Puranic encyclopaedia

by Vettam Mani | 1975 | 609,556 words | ISBN-10: 0842608222

This page describes the Story of Kabandha included the Puranic encyclopaedia by Vettam Mani that was translated into English in 1975. The Puranas have for centuries profoundly influenced Indian life and Culture and are defined by their characteristic features (panca-lakshana, literally, ‘the five characteristics of a Purana’).

Story of Kabandha

General information.

The demon who attacked Rāma and Lakṣmaṇa while they were wandering in Daṇḍakāraṇya after the abduction of Sītā by Rāvaṇa.

Previous history of Kabandha.

There was a King of Gandharvas called Śrī. He had a son named Danu. Danu was known as Viśvāvasu also. Viśvāvasu once performed a penance to propitiate Brahmā for long life and Brahmā appeared before him and blessed him with immortality. Arrogant of this acquisition he roamed about as he pleased.

One day he attacked Indra and the latter furious at his impudence used the Vajrāyudha on him and the head and thighs of Viśvāvasu were squeezed into his body. Viśvāvasu pleaded that he should be given some way to take his food. Indra then granted him two very long hands and a mouth on his belly. Then Viśvāvasu spent his days in a forest near the Mataṅgāśrama in Krauñcāraṇya bearing the name Kabandha (Headless trunk). Indra added that he would attain his real form when Rāma and Lakṣmaṇa cut his hands.*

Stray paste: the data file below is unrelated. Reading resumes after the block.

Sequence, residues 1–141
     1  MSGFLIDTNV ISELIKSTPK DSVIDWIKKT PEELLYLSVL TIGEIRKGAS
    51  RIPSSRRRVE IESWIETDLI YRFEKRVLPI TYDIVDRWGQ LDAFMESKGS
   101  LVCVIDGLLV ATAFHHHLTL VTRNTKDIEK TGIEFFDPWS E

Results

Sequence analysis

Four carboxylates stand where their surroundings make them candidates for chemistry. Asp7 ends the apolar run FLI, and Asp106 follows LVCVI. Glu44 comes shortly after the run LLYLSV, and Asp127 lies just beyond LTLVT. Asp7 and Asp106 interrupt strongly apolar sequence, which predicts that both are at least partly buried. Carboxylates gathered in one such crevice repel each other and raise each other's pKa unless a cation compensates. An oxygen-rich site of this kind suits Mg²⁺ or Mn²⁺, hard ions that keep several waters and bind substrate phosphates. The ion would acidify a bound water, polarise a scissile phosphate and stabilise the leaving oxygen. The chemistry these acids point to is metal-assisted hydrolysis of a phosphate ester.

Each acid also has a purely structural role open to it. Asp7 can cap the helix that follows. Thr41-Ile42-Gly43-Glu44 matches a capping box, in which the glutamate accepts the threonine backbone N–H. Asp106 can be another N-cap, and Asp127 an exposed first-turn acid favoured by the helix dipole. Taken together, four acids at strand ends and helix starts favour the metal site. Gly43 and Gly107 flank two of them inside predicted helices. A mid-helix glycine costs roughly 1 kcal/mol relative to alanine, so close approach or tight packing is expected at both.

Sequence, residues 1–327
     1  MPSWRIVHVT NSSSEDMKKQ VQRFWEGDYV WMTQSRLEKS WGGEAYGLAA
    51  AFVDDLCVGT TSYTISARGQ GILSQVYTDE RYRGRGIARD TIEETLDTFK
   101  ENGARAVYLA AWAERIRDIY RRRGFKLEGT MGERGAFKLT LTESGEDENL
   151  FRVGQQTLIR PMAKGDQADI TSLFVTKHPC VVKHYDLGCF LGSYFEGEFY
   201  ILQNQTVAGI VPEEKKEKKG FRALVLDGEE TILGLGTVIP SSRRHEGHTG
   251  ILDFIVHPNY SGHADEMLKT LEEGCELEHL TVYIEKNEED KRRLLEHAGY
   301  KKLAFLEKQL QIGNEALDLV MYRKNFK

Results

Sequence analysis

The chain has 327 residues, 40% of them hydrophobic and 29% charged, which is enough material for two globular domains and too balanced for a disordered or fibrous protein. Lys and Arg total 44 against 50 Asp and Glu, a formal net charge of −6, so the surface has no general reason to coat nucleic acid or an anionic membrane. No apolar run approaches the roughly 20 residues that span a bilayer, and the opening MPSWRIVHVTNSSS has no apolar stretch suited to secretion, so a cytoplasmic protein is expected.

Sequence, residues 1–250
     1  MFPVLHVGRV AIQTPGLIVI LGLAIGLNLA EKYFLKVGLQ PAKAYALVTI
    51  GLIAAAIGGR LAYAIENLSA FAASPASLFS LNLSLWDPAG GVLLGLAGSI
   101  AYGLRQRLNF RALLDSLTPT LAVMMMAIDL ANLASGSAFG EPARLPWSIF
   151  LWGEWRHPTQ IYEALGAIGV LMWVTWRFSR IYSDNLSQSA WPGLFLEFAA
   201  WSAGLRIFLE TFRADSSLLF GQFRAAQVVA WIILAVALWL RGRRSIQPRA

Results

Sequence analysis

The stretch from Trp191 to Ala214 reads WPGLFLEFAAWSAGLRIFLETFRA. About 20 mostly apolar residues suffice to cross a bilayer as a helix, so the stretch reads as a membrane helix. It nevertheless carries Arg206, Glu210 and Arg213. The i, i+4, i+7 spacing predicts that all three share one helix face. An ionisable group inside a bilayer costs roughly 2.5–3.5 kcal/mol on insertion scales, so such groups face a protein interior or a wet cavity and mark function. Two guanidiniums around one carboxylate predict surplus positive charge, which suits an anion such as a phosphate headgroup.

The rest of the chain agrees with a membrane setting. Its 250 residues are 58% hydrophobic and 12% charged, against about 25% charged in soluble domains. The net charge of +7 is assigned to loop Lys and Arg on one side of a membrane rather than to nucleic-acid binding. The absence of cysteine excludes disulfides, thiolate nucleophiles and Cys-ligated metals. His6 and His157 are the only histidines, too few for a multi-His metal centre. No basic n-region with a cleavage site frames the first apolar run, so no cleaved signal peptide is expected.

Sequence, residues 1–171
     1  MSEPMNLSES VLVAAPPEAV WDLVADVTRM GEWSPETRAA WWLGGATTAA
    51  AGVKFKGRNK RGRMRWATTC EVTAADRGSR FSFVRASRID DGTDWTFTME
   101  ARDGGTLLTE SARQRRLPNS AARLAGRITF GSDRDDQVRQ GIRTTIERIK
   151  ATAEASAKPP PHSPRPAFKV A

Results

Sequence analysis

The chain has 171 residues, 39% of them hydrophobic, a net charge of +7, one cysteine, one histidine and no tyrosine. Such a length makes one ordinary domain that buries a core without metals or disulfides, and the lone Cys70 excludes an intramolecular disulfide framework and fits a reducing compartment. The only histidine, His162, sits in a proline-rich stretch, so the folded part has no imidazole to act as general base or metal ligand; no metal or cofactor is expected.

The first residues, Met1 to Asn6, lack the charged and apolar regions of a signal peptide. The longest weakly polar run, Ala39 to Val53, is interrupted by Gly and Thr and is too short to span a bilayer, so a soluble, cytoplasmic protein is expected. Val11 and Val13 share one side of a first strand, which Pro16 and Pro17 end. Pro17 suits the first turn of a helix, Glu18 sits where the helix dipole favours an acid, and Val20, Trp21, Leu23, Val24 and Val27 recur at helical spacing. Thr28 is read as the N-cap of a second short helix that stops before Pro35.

A favourite pastime of Kabandha was to frighten the sages. One day he attacked a sage called Sthūlaśiras and that sage cursed him saying that he would retain his ugly figure for ever. The demon pleaded for relief and the sage said that he would regain his original figure when Rāma cut his hands and left him in the desolate forest. From that day onwards Kabandha lived there waiting for Śrī Rāma. (Sarga 70, Araṇya Kāṇḍa, Vālmīki Rāmāyaṇa).

Kabandha meets Rāma and Lakṣmaṇa.

Jaṭāyu was lying half dead by a blow from the sword of Rāvaṇa and Rāma and Lakṣmaṇa went to him and talked to him. He gave them some information regarding Sītā before he died. After burning the body of Jaṭāyu in a funeral pyre Rāma and Lakṣmaṇa went westwards. They entered the Krauñcāraṇya and reached Mataṅgavana. There they saw a great cave. A huge demoness attacked them near that cave and seeing the beautiful form of Lakṣmaṇa she invited him for amorous plays. Lakṣmaṇa cut off her ear, nose and breasts. Then they entered deep into the forests. Bad omens greeted them. Before long they saw Kabandha rushing towards them. He is described thus in the Mahābhārata:

"He was as big as a mountain, dark as a black cloud, with pointed hairs all over his body and looked fierce with a voice as loud as thunder. He had an eye on his stomach, round and yellow, emitting a glare like a fire-flame. Looking wicked he thrust his big tongue out of his huge mouth licking the sides."

The demon stretched out his big hands and caught hold of Śrī Rāma in his right hand and Lakṣmaṇa in his left hand. Finding themselves helpless in his hands Lakṣmaṇa implored Rāma to flee away from the demon leaving him alone. Śrī Rāma cut off Kabandha’s right hand and Lakṣmaṇa cut off the left hand. Kabandha then asked them who they were. Kabandha told Rāma and Lakṣmaṇa his previous story and then fell dead. Rāma and Lakṣmaṇa burnt the dead body in a funeral pyre. He rose up in the air as the Gandharva King of old and advised Śrī Rāma to go to Sugrīva for knowing more about Sītā. (Sargas 70 to 72, Araṇya Kāṇḍa, Vālmīki Rāmāyaṇa).

*) "I am the son of Śrī named Danu" says Kabandha to Lakṣmaṇa in Śloka 8, Chapter 71, of the Araṇya Kāṇḍa of Vālmīki Rāmāyaṇa. In Śloka 42, Chapter 279 of Araṇya Kāṇda, Kabandha says, "I am a gandharva, Viśvāvasu and came to be born in a demonaic womb by the curse of a brahmin."

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